Funding Innovations for Housing Youth Roxana Torrico, MSW Child Welfare League of America National Alliance to End Homelessness 2006 Conference Ending.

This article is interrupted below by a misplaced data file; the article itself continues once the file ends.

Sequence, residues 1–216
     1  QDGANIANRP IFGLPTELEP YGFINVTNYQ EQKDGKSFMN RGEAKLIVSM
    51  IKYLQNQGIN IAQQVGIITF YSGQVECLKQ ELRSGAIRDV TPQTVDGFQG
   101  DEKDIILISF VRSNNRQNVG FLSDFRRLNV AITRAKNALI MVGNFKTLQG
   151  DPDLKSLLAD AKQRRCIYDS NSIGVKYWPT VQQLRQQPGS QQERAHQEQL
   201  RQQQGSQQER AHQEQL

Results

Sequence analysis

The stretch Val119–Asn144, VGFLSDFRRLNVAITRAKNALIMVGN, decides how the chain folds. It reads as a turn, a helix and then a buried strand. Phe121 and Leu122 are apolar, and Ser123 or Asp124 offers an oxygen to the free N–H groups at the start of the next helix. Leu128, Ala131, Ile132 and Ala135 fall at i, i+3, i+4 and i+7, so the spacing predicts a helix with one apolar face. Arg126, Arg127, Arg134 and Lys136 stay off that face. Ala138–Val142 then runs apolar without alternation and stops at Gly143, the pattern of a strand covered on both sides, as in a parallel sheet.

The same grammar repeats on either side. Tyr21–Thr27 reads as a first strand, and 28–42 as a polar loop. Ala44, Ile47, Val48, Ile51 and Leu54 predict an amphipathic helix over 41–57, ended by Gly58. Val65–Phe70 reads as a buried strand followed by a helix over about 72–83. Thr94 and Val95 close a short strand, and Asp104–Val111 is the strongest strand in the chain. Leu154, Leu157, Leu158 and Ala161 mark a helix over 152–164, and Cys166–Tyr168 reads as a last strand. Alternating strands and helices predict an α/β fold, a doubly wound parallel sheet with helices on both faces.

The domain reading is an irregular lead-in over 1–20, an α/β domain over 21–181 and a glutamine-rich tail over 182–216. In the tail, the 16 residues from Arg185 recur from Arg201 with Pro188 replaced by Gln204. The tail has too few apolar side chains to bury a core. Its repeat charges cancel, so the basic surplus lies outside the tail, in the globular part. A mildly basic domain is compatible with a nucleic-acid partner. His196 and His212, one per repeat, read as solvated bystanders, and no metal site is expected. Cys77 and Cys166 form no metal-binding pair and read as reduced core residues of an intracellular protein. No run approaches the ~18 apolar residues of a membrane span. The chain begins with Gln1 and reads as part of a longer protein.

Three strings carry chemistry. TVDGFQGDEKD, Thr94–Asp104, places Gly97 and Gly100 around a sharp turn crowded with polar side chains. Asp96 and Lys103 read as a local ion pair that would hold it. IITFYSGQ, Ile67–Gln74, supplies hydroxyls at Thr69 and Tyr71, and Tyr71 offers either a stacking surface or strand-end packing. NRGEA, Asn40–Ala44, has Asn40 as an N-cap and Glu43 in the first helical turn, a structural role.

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<ul><li><p>Funding Innovations for Housing Youth </p><p>Roxana Torrico, MSWChild Welfare League of America</p><p>National Alliance to End Homelessness 2006 ConferenceEnding Homelessness: Plan, Act, SucceedA house is a home, when it shelters the body and comforts the soul.-Phillip Moffitt (1986)</p></li><li><p>Former Foster Youth are Becoming HomelessAs many as three in ten homeless adults were formerly children in foster care;Between 1036% of former foster care youth are experiencing homelessness. Homeless parents who spent time in foster care as children are 2xs as likely to have their own children placed in foster care. </p></li><li><p>What are young people aging out of foster care facing??Limited life skills upon discharge from Child Welfare systemChild welfare agencies with limited housing expertise and resources necessary to assist youthLimited support networksHarsh economic realitiesExpensive housing costs!!!!</p></li><li><p>Most Expensive Places for Youth to LiveHourly wage necessary to afford a one-bedroom apartment:District of Columbia $20.77Hawaii $18.57California $18.11Massachusetts $18.32Hours that a youth would have to work at minimum wage to afford a one bedroom:District of Columbia 126Hawaii 119California 107Massachusetts 109Out of Reach 2005, NLIHC</p></li><li><p>What is the Solution to Prevent Youth Homelessness??Solid Collaboration with Public HousingAuthorities, Child Welfare Agencies, community based agencies, housing officials, business leaders, developers,advocates and YOUTH!</p></li><li><p>What Can Be Done at State Level to Address Housing Issues?Housing Must Be a Significant Component of Youth States Independent Living CurriculaEnsure that Your Child Welfare System Builds a Continuum of Housing ResourcesProvide Youth with Opportunities to Practice Living on their OwnBuild Statewide Partnerships to Create a Range of Affordable Housing OpportunitiesTap into New and Unusual Streams of Funding</p></li><li><p>All transitioning and former foster youth have the right to safe, stable and affordable housing!!!Utilize Chafee Funds Give Youth Opportunities To Practice Living on Their OwnCreate an Solid, Effective Discharge Plan start the housing discussion early!!!Build partnerships with housing authoritiesForm collaborations in your community create cross system dialogue in your community!</p></li><li><p>What is Chafee?Congress created the John H. Chafee Foster Care Independence Program, with increased supports and services for youth aging out of foster care including HOUSING! </p></li><li><p>Chafee = Housing</p><p>States have the option of providing room &amp; board services to youth (aged 18-21) exiting care.</p></li><li><p>Highlights from a 2004 CWLA Survey of IL CoordinatorsAccording to an survey 38 IL Coordinators:42% (16) of states are currently using FUP or priority section 8 vouchers60% (23) of states reported partnerships and collaborations with their public housing authorities. These partnerships included prioritizing section 8 waiting lists, public housing slots and supportive housing programs.</p></li><li><p>What is the Family Unification Program (FUP)?</p><p>A housing program for youth and families in the child welfare system. It is a collaboration between housing authorities and child welfare agencies. </p><p>As of 2000, FUP was extended to provide time limited section 8 vouchers to youth ages 18-21 who have aged out of the foster care system at age 16 or older. </p><p>Child welfare agencies will provide 18 months of aftercare services for youth when they enter housing. </p></li><li><p>Conceptual Framework of the Family Unification Program (FUP)</p><p>Conceptual Framework of the Family Unification Program (FUP)</p><p>Created on 06/17/03 1:31 PM</p><p>Created on 06/17/03 1:31 PM</p><p>Program </p><p> Resources</p><p> Organizations Implementation Intervention Outcomes</p><p>The Problem:</p><p>Youth Aging Out into Homelessness</p><p>Youth Receive Section 8 Housing</p><p>Local Housing Authority (HA)</p><p>In October 2000, Congress passed Legislation making youth aging out of foster care eligible for housing assistance under FUP </p><p>Youth Outcomes:</p><p>Access to Services</p><p>Residential Stability</p><p>Coordinate CWA and HA Activities:</p><p>Define Eligibility Criteria and Referral Process</p><p>Enroll and Serve Youth </p><p>Utilize Community Services</p><p>Report Data</p><p>Funding for Section 8</p><p>Certificate</p><p>Youth Receive After Care Services</p><p>Child Welfare Services</p><p>Local Child Welfare Agency</p><p>(CWA) </p><p>Local Services Provided</p><p>Other Local Resources</p><p>Local Service System</p><p>CWLA June 2003 </p></li><li><p>What are the Benefits of FUP? For Public Housing Authorities (PHAs):Increased ability to serve clienteleFor Child Welfare Agencies (CWAs):Expanded access to housing solutions for young people aging out of foster careFor Youth:Safe, stable and affordable housing prior to exiting the foster care systemFor the community: Cost-effective and beneficial to society</p></li><li><p>Establishing a FUP in your communityBegin to ASK questions regarding the housing needs for young people in your community; consult with your local CWAMap out current housing resourcesDocument the need for FUP in your communityApproach your partner (PHA, CWA) to exchange ideas, observations, potential partners, sources of funding and plans.</p></li><li><p>Establishing a FUP in your community cont..If there are no FUP vouchers available in your communityDedicate a reasonable # of Section 8 vouchers to this program set a local preference for youth aging out </p></li><li><p>Build the Partnership!!Gain an understanding of the mission and limitations of your partner agencyLay out and agree upon the responsibilities of each partner agencySpecify the type and duration of services to the young people upon lease-upWrite a detailed Memorandum of Understanding (MOU) Included in your packet!</p></li><li><p>Elements of an Effective PartnershipLiaisons are appointedReliable Communication learn each others languageHold Regular MeetingsCross-TrainingStaff SupportAdditional Partners are invitedAdditional Funding is sought Feedback is solicited from program participants</p></li><li><p>Building a Partnership in Your CommunityUnderstand mission &amp; limitations of the partner agenciesCreate youth housing continuumWrite a detailed Memorandum of Understanding</p></li><li><p>Some States Using the FUP Model to Support Youth Aging Out ColoradoCaliforniaNew York CityIndiana</p></li><li><p>Benefits of Partnerships &amp; Collaborations</p><p> Cross System Dialogue More Effective Communication Improved Services for Young PeopleDecreased Homelessness for Emancipated Youth</p></li><li><p>Advocating for youth exiting the child welfare system is an integral part of preventing homelessness!Using Your Voice to Change Minds...Change lives!</p></li></ul>